Tuesday, 22 May 2012

Turfgrass Growth Rates This Spring

Most of you now know that I have been monitoring my growth rates on the course for the past 6 months now. This has been a really enlightening experience and has really opened my eyes to what is really going on with my putting greens. It helps me plan for fertility, keep the greens consistent and also see when the turf is stressed.

The following chart illustrates the growth rate on my putting greens and the effects of plant growth regulators. Prior to the spring growth surge my growth rate was at about 0.4 (This number really doesn't mean anything to anyone but myself. It is based on the clippings we collect on our greens mower each time we cut. It gives us a constant to compare data). In late April the growth rate surged to 2.5 or almost 6x the growth I was seeing in the early spring. After my first application of Primo Maxx at the label rate of 2ml/100m2 the growth rates dropped down to about 1 (our ideal clipping yield based on observed stress and consistency). This growth rate was sustained for about a week when we made our second Primo Maxx application again at the label rate. This application was based on the Growing Degree Day model that can be seen here. After this second application the growth rate continued to drop back down to the levels that we saw in early spring or 6 times less that the late April Growth rates! We wend from cutting every other day back to every 4 days! This is a huge time saver especially when you have a crew of 3!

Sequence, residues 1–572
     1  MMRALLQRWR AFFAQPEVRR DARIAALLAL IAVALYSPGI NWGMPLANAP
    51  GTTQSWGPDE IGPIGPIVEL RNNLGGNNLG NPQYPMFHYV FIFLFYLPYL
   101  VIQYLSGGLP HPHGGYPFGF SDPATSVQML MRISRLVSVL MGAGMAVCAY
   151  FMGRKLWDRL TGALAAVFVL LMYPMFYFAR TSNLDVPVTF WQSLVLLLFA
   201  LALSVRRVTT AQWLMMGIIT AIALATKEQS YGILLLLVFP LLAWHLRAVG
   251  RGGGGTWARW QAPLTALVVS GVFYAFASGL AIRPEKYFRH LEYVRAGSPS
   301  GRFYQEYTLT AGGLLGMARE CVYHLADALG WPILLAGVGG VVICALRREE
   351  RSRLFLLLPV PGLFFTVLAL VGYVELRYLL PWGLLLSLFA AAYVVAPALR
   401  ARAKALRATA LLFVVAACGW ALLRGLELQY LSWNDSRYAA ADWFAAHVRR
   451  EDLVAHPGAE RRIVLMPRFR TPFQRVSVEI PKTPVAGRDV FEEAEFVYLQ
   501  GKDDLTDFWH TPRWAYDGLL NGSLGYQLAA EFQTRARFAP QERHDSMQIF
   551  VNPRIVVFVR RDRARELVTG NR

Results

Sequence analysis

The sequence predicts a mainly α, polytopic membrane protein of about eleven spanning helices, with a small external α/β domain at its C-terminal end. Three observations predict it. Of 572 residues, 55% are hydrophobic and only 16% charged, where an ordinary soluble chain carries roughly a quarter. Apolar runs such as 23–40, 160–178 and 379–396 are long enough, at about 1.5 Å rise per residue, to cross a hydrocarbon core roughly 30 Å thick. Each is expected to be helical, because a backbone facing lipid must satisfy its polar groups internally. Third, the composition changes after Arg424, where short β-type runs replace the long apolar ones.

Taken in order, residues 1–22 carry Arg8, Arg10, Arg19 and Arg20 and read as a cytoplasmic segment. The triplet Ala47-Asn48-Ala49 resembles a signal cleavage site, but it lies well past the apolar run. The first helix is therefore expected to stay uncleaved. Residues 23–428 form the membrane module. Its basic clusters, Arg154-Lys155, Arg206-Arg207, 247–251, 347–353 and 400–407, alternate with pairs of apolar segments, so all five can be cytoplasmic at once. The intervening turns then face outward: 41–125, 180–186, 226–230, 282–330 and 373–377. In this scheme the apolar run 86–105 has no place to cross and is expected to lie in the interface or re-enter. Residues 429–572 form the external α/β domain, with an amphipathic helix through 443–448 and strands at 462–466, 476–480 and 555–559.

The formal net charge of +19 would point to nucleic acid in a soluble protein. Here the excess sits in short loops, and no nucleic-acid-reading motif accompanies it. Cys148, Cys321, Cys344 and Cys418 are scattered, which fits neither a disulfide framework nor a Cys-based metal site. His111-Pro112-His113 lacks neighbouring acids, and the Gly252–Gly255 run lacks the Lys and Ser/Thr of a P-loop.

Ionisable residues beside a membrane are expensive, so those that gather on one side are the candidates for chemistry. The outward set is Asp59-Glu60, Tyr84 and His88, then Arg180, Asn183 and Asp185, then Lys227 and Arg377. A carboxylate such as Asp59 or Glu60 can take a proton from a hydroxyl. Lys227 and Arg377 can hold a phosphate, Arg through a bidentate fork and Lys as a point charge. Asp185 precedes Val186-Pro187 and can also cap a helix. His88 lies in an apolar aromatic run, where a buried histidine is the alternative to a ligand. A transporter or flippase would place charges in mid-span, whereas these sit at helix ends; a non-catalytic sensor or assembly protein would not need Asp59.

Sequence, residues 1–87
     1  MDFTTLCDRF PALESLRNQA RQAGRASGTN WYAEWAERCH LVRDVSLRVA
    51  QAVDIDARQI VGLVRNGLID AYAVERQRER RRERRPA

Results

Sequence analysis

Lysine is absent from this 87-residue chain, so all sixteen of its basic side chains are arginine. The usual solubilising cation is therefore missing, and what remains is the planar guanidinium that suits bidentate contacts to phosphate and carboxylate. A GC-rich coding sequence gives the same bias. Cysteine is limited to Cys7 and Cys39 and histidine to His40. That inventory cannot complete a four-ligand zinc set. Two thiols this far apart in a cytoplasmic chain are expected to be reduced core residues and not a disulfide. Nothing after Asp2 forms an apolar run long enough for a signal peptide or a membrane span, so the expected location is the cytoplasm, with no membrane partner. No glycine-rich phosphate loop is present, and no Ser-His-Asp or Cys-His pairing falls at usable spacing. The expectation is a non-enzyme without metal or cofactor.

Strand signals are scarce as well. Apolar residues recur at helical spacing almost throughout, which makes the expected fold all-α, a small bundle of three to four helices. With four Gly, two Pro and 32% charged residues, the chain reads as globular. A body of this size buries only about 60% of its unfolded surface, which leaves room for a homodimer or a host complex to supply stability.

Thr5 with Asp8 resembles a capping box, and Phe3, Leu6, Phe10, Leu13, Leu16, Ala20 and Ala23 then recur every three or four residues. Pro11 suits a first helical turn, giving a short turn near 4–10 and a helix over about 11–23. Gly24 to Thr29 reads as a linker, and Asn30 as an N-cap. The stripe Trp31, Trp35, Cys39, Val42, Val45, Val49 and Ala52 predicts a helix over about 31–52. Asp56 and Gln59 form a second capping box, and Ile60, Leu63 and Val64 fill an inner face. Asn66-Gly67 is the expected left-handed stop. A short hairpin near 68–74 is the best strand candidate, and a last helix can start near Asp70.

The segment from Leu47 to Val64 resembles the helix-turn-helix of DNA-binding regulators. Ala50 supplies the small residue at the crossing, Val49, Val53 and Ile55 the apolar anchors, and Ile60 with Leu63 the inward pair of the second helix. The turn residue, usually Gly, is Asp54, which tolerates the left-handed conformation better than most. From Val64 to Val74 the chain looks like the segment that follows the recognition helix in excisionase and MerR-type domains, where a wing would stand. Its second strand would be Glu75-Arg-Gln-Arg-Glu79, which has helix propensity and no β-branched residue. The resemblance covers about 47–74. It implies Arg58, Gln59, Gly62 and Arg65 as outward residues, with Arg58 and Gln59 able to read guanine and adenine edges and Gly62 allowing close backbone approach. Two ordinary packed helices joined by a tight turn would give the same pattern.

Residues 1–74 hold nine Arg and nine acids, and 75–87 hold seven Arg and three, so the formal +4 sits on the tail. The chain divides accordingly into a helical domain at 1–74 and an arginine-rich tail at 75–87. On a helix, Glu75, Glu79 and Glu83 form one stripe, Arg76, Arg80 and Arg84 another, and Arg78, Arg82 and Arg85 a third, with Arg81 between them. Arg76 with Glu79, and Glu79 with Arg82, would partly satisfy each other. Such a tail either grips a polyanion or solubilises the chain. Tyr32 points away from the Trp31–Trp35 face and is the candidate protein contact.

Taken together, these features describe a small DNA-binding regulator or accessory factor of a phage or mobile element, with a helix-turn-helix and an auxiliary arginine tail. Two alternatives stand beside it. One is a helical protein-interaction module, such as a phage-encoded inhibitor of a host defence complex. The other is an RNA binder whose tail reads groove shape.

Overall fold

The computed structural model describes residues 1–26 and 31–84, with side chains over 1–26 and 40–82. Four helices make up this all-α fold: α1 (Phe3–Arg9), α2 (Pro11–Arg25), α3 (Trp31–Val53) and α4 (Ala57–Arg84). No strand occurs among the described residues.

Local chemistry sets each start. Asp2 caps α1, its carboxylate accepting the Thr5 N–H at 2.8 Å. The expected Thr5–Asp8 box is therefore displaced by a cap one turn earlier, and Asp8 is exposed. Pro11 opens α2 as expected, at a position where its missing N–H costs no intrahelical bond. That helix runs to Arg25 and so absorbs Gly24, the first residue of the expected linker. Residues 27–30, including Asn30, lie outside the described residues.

Now the manufacturers of Primo Maxx and research only claim a 50% reduction in vertical growth. The reason I think that we are seeing the further reduction is the fact that the Poa annua is going to seed. We actually observed the first seed head 2 weeks earlier than normal this year on the 5th of May. When the Poa goes to seed it uses all its energy to produce the seed heads. I think that it is this stress that is causing the growth rate to drop so far down. We also can't forget that the past 3 weeks have been remarkably dry and hot (for West Coast standards) so this could also be a contributing cause of the reduced growth rates.

What I really like about this scenario is that the slowed growth rates we are seeing allow us to keep the greens extremely consistent day to day as well and very fast despite the effects of the seed head on ball roll.  In previous years we normally made our first Primo Maxx application mid-May so we were usually a bit late to really get control of the growth on the putting greens.

Another thing monitoring growth rates shows me is the effects of fertilizer applications. When I saw the first seed heads I upped the N rates by 50% to help replenish the carbohydrate reserves in the stressed Poa. Despite the large increase in fertility the growth rate continued to drop. It is my hope that the plants are using this energy to push through the seed head cycle and remain healthy and strong going into June instead of growing vertically like usual (but who really knows?).

Time will tell if this low growth rate is here to stay or not. I think that by mid June the rates will jump back up into the 1 range when the seed heads finally leave.